Fantasy Basketball Edge: The surprise player putting up Shaq-like numbers

The last week of NBA basketball has been full of fun games and standout performances. I take a look at some interesting statistical trends across the league to give you The Edge in your fantasy basketball league.

DeMar DeRozan is scoring like prime Shaq

Prime Shaq is a bit of an exaggeration, but DeRozan is on a run that’s tough to fathom. Over the last month, he has been hitting a ridiculous 61% of his shots, including 63% of his two-point attempts.

For players who play 20 minutes a game and take at least six shots per game from inside the arc, DeRozan ranks seventh in the NBA, behind Mitchell Robinson, Dwight Powell, Jonas Valančiūnas, Rudy Gobert, Brandon Clarke, and Richaun Holmes.

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You’ll notice a pattern with those names. They are all centres, getting their shots right at the rim for dunks, oops, and put backs.

The next highest perimeter player is 17th overall, Gordon Hayward and he is hitting 58% from two-point range.

San Antonio Spurs guard DeMar DeRozan has been on astonishingly efficient scoring tear of late, giving fantasy owners plenty to be happy about. (Photo by Ron Turenne/NBAE via Getty Images)

From every distance range on, DeRozan is shooting above 52%, until he gets out to 20ft and further. Shooting 56% on shots between 15-19ft is a ridiculous level, as well as finishing 78% of his shots at the rim.

For reference, DeRozan is finishing at the rim better than Jakob Poeltl and LaMarcus Aldridge within 5ft.

Ben Simmons is a Beast (Without Joel Embiid)

If you look to the top of your fantasy rankings, you’ll see Simmons. Over the season, he ranks 18th in standard points leagues, but in the last two weeks, Simmons has vaulted all the way up to 8th.

I wonder why. Well, for the last four of those six games, Simmons has been playing without Joel Embiid.

Embiid is sidelined with a ligament injury in his finger and has been cleared for non-contact work in practice.

In theory, the increased production is coming due to Embiid’s absence - but Simmons actually has a lower true shooting percentage, usage, and rebound rate when he is on the court without Embiid.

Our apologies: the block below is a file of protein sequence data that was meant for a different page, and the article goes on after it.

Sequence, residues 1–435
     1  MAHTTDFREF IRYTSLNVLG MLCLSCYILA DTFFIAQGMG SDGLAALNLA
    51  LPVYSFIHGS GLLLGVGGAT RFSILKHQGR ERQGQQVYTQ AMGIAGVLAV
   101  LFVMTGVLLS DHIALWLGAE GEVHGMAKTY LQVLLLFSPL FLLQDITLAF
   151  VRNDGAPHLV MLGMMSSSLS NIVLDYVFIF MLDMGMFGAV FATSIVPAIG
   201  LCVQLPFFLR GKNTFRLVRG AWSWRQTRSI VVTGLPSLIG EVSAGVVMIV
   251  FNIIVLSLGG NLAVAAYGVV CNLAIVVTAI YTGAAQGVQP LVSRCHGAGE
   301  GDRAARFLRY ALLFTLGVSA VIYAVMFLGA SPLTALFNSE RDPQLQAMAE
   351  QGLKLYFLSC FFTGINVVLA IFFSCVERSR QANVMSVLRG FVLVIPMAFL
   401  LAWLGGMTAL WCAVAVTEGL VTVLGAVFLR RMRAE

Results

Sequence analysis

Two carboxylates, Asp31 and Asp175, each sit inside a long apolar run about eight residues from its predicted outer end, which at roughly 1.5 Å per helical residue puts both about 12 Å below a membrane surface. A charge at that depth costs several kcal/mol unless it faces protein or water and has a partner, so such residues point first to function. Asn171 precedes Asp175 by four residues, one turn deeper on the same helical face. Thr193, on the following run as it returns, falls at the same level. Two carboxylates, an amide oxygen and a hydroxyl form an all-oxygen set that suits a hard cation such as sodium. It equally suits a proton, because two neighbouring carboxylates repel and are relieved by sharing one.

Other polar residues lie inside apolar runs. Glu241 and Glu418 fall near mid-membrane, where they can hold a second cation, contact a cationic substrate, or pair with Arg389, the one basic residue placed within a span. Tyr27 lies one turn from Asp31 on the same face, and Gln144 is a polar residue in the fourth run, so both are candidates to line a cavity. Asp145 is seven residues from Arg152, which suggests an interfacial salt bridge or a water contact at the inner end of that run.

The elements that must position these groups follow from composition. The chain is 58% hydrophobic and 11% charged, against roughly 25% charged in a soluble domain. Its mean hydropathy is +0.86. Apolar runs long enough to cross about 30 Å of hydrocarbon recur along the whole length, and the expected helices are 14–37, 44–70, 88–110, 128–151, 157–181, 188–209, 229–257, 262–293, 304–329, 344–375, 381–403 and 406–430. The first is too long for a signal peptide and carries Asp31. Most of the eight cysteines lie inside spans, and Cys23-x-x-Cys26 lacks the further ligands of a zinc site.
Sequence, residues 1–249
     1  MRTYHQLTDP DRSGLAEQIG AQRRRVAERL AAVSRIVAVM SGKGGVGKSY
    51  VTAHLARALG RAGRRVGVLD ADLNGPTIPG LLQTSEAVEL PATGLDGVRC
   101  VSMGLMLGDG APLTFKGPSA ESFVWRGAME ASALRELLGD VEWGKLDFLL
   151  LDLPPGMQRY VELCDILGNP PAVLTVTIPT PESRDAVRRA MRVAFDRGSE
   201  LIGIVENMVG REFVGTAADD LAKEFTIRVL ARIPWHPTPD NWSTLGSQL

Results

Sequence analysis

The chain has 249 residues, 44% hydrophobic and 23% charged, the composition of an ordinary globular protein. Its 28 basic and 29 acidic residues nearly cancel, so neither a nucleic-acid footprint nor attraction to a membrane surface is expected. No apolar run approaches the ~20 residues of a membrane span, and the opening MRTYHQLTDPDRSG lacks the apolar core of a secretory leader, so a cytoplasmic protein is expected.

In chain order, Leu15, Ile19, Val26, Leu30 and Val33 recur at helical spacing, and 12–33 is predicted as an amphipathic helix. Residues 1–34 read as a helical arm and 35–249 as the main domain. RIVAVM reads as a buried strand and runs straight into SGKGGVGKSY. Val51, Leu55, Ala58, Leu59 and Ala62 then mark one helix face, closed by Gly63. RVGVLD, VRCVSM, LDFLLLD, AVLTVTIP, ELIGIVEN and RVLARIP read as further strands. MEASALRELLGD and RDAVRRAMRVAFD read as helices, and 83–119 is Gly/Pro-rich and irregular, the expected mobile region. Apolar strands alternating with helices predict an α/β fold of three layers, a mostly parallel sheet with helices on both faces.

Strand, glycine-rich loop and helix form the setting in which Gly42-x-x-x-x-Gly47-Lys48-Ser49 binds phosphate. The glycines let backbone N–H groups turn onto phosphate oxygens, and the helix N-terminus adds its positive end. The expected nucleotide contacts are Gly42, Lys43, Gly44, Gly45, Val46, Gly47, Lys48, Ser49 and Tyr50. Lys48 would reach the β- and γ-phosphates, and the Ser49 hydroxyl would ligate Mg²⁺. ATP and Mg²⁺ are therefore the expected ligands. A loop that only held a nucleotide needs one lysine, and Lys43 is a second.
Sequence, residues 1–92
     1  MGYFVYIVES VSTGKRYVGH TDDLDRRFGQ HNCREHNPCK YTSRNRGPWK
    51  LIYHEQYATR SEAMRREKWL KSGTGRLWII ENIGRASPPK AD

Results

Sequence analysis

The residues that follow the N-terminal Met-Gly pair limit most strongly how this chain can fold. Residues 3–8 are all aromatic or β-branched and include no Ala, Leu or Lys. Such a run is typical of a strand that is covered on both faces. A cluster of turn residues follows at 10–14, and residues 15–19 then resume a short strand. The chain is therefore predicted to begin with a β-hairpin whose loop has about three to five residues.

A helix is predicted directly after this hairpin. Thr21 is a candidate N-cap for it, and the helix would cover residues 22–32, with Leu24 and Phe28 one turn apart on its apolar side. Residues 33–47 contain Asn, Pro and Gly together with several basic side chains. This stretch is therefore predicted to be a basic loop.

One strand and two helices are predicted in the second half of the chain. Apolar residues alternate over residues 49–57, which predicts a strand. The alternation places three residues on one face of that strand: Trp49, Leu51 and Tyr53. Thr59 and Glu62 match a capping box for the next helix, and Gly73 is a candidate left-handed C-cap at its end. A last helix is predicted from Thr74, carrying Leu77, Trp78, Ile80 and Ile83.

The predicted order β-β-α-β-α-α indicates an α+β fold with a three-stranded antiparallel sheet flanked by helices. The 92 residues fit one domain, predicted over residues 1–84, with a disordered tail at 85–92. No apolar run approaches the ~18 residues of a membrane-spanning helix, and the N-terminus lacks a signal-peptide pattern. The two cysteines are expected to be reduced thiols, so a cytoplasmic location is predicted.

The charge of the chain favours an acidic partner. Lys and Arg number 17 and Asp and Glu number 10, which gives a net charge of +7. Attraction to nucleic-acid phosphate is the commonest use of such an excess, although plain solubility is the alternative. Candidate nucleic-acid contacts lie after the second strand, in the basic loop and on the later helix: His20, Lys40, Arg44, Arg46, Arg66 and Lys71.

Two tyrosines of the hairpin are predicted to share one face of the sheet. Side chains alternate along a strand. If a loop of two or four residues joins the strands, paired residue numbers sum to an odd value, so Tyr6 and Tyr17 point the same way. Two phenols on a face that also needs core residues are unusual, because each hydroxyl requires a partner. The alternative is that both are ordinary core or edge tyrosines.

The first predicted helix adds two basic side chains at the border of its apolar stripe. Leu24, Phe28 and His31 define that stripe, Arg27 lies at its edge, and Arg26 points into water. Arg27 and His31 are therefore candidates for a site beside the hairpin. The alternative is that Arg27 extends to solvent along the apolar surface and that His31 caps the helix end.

The one thing that does stand out is his assist rate, which jumps from 10.1 per 100 possessions to 12.4. So, while we are enjoying this run from Simmo, it may not be entirely unsustainable.

This is the Lonzo Ball we were promised

It was a shaky start for Lonzo in New Orleans. He got hurt, he lost his starting spot, but that seems to have been the jolt he needed because of late, this Lonzo Ball looks closer to the number two pick from a few years ago.

In standard points leagues, Lonzo is 77th overall, averaging 29.62 fantasy points per game. In the last two weeks though, Lonzo has jumped the 26th best player with 41.06 points per game.

Why the jump? Well, his minutes are way up, seeing 37 a night in the last seven games, but his per-minute production has also risen.

Lonzo has upped not only his usage, but his rebounding, and most importantly for a point guard, his assist rate has reached career-high levels.

As a rookie, Lonzo averaged 7.6 assists per 36 minutes. This season he is at 7.0 per 36, but that has spiked to 8.1 per 36 in the last seven games.

Whether Lonzo is putting it all together or this is just because Jrue Holiday has been out, only time will tell.

Julius Randle likes New York’s new coach

In the 22 games Randle played under David Fizdale, he averaged 31.37 fantasy points per game, he turned the ball over 3.3 times per game and averaged 16.8 points per game in 32 minutes.

Now that Fizdale has been fired, Randle is all the way up to 39.18 fantasy points, cutting his turnovers to 2.4 per game and scoring 21.5 points per game.

It’s not a fluke.

Mike Miller’s system is using Randle in a way that suits his ability, rather than Fizdale’s nonsense of having Randle initiate the offence.

This is more like the Randle that we thought we would get at the start of the season.

Deandre Ayton off the bench

Strangely, the Phoenix Suns continue to play their second-year number one overall draft pick, Deandre Ayton, off the bench.

He has missed time with a drug suspension and an ankle injury, but now, fully healthy, Ayton is still riding the pine behind Aron Baynes.

He’s only played ten games this season, five games as a starter, five off the bench, but there is a big difference in his fantasy scoring in those games.

In his five starts, Ayton has averaged 40.28 points in 33 minutes, while averaging 32.76 points in his five bench appearances in 28 minutes.

Obviously there is a playing time discrepancy, so if we look at the numbers per 36 minutes, we still see Ayton being more productive as a starter, averaging 44.16 as a starter versus 41.87 as a reserve.

Interestingly, he has a huge usage off the bench (28.4%) compared to a below-average 19.5% as a starter.

What is the difference then? Well, on the bench, Ayton is more of a black hole than usual, averaging just 1.0 assist per 36, which makes sense when he is spending a lot more time as the clear number one offensive option.

That, plus his increased turnover numbers, is contributing to his lower output. I doubt it’s a long time before he is starting again, but for now, this gives us a buy-low opportunity.

Every week, I’ll be looking at some weird trends across the NBA and seeing what they mean, so make sure you’re checking out The Edge, here every Friday.